MEXICO CITY—Mexican security forces killed at least 42 suspected gang gunmen in a three-hour battle Friday in the state of Michoacán, the government’s federal security commissioner said.
The incident is the deadliest in a string of clashes this spring between security forces and gunmen linked to a local narcotics cartel in Western Mexico.
One federal policeman was killed and at least one other injured in the confrontation, which took place in at least three distinct locations on a large ranch near the town of Tanhuato, near the eastern shore of Lake Chapala, an area popular with retirees from the U.S. and elsewhere.
Other federal officials earlier had reported that three policemen were killed in the confrontation.
“Thanks to the training and equipment of the federal forces that participated in the actions, there were no more dead or wounded during the clash,” Commissioner Monte Alejandro Rubido said in a statement Friday night.
Three suspected gunmen were detained, Mr. Rubido added. He suggested the casualty toll among the alleged criminals could rise.
Mr. Rubido didn’t identify the criminal organization involved.
But earlier Friday, Michoacán state Governor Salvador Jara told Mexican TV station Milenio that the gunmen appeared to be members of the Jalisco New Generation cartel, a rising narcotics gang that has clashed repeatedly with federal forces in recent weeks, killing dozens of security officers.
Members of President Enrique Peña Nieto’s security cabinet are traveling to the area to assess the incident, the officials said. The death toll is based on preliminary estimates and could change, they added. Gov. Jara declined to provide additional information.
Friday’s was the bloodiest by far of a series of armed confrontations this spring between security forces and alleged members of the New Generation gang.
An offshoot of previous gangs aligned with the so-called Sinaloa Cartel, New Generation allegedly produces and markets methamphetamine to U.S., Mexican and other consumers. Michoacán and Jalisco states have emerged as major sources of the drug, which is produced in makeshift laboratories in rural communities, authorities say.
New Generation has risen to prominence with ambushes and gunbattles with federal police and soldiers across Jalisco, the capital of which is Guadalajara, Mexico’s second-largest city.
Officials said New Generation gunmen ambushed a state police convoy on a highway linking Guadalajara with the resort of Puerto Vallarta in early April, killing 15 officers. The gang is also blamed for the downing of a military helicopter in the region’s rugged mountains earlier this month that killed nine soldiers and federal policemen.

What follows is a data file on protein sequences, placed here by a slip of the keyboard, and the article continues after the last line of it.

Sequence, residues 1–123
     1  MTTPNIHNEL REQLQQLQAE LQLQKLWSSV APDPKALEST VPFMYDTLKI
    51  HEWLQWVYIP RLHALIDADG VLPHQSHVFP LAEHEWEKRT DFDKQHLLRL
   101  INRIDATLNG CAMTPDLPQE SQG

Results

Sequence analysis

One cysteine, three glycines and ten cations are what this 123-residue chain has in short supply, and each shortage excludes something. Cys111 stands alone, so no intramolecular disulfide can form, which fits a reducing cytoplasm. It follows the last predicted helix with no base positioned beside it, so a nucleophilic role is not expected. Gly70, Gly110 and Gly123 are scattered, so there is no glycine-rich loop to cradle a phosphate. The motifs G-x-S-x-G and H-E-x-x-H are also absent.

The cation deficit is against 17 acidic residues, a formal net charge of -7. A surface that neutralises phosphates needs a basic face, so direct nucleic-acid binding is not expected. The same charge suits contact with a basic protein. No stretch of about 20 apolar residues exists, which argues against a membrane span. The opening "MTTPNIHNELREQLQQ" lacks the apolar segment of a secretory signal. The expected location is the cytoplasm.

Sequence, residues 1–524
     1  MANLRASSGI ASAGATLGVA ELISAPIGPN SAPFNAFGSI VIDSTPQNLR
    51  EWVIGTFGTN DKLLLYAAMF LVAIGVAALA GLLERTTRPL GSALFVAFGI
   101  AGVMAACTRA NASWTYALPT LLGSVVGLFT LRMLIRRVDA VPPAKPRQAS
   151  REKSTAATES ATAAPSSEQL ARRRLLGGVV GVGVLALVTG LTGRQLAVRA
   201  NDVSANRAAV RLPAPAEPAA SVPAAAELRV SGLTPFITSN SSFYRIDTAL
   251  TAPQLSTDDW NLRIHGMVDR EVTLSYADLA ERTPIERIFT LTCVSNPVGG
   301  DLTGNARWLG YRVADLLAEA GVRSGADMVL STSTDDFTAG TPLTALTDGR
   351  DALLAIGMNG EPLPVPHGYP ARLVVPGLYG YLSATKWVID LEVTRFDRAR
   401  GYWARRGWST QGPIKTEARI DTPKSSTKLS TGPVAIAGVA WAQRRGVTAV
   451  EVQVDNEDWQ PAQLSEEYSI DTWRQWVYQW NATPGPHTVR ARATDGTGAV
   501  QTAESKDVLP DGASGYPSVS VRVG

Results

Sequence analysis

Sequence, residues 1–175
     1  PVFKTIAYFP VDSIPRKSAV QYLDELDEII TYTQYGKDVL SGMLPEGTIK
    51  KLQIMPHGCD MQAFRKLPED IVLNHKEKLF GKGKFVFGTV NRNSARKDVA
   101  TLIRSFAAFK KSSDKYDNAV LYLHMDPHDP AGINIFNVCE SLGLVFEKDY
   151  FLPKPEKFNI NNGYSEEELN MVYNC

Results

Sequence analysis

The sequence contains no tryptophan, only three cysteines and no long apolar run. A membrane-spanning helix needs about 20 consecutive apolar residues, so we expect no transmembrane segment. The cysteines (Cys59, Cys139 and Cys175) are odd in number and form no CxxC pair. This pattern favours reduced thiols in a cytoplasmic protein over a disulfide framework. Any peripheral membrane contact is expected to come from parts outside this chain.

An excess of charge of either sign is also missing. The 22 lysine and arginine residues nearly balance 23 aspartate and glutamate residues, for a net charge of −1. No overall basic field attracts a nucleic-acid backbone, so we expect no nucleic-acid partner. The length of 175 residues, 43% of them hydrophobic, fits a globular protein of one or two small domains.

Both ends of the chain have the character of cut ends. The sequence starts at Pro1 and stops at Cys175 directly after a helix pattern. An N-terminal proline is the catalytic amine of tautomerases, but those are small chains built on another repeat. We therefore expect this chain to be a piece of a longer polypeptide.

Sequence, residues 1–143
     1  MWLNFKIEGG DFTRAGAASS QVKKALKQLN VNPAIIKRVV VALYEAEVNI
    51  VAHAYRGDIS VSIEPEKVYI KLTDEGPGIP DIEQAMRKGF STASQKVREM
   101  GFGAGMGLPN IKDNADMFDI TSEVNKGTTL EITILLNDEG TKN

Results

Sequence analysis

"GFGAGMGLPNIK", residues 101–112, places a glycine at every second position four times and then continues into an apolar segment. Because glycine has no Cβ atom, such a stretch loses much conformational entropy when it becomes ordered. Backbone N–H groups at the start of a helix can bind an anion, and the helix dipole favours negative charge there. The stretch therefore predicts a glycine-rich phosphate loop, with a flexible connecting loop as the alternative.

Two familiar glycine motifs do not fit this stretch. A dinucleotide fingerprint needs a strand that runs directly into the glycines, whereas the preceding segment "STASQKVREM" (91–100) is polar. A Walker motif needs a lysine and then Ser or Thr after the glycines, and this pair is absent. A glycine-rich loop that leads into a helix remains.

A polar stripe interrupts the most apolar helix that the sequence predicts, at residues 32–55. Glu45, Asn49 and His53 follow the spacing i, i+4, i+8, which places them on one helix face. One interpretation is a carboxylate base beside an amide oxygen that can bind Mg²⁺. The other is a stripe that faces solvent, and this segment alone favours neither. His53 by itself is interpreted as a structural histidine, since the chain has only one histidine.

Officials have said all the battles erupted as security forces attempted to capture Nemesio “El Mencho” Oseguera, the group´s purported leader. Mr. Oseguera is still at large.
Friday’s clash began when federal police investigating the reported takeover of the ranch exchanged fire with occupants of a vehicle who then retreated into the property, Mr. Rubido said. The police called for reinforcements, including a helicopter, initiating a running battle that flared in three locations on the nearly 300-acre property, he said.
New Generation also has clashed repeatedly with gangland rivals, primarily Michoacán´s Knights Templar, in the area where Friday’s battled took place.
Police uncovered clandestine graves in November 2013 outside a town near Tanhuato that yielded 75 bodies of the alleged victims of those feuds. A faction of the cartel claimed responsibility for the 2011 abduction and killing of 35 people in the Gulf port of Veracruz whom it accused of belonging to the Zetas rival gang.
More than 100,000 people have been killed in eight years of criminal violence pitting narcotics gangs against one another and security forces. At least another 22,000 people have gone missing.
Human-rights abuses have also been common, observers said. Army troops killed 22 suspected members of a kidnapping ring in June 2014 near the town of Tlatlaya, about 150 miles south of Mexico City. The Army later acknowledged that some of the men and women were killed after they had surrendered. http://www.wsj.com/articles/gunfight...ead-1432325854 http://www.periodicoeldespertar.com/...nfrentamiento- http://elblogdelnarco.com/2015/05/nu...ac%C3%A1n.html